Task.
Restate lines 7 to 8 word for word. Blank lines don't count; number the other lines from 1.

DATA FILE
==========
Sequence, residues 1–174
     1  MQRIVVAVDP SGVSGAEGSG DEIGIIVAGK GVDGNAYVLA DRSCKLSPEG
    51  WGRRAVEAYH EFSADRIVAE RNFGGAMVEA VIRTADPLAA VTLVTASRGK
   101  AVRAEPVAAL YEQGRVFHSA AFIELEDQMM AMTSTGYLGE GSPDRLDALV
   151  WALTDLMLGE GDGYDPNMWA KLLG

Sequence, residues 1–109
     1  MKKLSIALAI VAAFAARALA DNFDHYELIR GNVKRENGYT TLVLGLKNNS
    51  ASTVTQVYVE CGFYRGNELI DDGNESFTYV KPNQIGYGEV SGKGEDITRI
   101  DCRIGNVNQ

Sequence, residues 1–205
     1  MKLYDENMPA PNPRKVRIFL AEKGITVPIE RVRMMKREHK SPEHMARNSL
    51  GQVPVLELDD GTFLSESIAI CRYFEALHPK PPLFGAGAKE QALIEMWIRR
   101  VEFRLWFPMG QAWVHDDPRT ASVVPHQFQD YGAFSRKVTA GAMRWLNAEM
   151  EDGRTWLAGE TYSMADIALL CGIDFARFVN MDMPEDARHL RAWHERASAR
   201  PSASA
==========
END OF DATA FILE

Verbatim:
     1  MKKLSIALAI VAAFAARALA DNFDHYELIR GNVKRENGYT TLVLGLKNNS
    51  ASTVTQVYVE CGFYRGNELI DDGNESFTYV KPNQIGYGEV SGKGEDITRI